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How to spot subtle signs of heart failure

According to the CDC, 6.5 million Americans have heart failure and that number is growing, even among young adults.

“Things like obesity, growing rates of diabetes and probably other factors that we don’t totally understand maybe pollution or other things are raising levels of heart disease in certain populations,” explained Dr. Deepak L. Bhatt, executive director of Interventional Cardiovascular Programs, Brigham and Women’s Hospital.

Unlike a heart attack that hits fast and hard, heart failure can be a gradual process. Before you realize what’s happening, a lot of damage can be done.

Some signs and symptoms of heart failure can be dangerously mistaken for something else.

So how can you spot heart failure? Of course, chest pain is a red flag that something might be going on with your heart, but did you know that snoring can also be a sign? Heavy snoring could be a sign of an obstructed airway. If it’s severe enough that you stop breathing altogether for brief periods, that can place your heart at risk.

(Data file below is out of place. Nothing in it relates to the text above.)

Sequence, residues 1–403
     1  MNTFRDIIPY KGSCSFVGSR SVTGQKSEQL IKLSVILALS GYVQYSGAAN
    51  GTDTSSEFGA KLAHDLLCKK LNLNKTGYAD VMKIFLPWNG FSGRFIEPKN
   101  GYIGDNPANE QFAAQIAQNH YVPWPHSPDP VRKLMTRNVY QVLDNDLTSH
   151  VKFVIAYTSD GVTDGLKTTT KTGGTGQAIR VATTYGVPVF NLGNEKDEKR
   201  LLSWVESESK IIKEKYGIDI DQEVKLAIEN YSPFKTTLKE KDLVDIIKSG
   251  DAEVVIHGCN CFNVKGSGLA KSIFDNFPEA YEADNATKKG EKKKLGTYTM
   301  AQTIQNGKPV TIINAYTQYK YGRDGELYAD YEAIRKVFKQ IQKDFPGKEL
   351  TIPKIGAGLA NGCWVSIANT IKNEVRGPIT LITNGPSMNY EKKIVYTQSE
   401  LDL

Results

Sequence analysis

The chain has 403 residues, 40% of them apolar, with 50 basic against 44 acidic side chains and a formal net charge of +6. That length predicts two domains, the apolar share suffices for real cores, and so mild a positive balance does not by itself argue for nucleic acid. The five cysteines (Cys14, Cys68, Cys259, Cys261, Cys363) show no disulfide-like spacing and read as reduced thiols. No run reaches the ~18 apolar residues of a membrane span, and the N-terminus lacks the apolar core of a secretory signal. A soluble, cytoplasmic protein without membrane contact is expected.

Heartburn can feel like you’re having a heart attack which may lead to heart failure, but unlike heartburn, which causes a burning sensation, a heart attack will feel like a tight, constricting pressure.

Some other signs of heart failure include:

“Shortness of breath, fluid build-up in the lungs, fluid build-up in the legs, so-called edema swelling of the legs,” Bhatt said.

Signs of heart failure can even be spotted in your earlobes. A study out of Sweden found that earlobe crease in people younger than 40 was a sign of coronary artery disease in up to 80 percent of cases.

Spotting these subtle signs early, can keep your heart healthy longer.

There are about 550,000 new cases of congestive heart failure in the U.S every year and more than half the people who develop heart failure die within five years of diagnosis.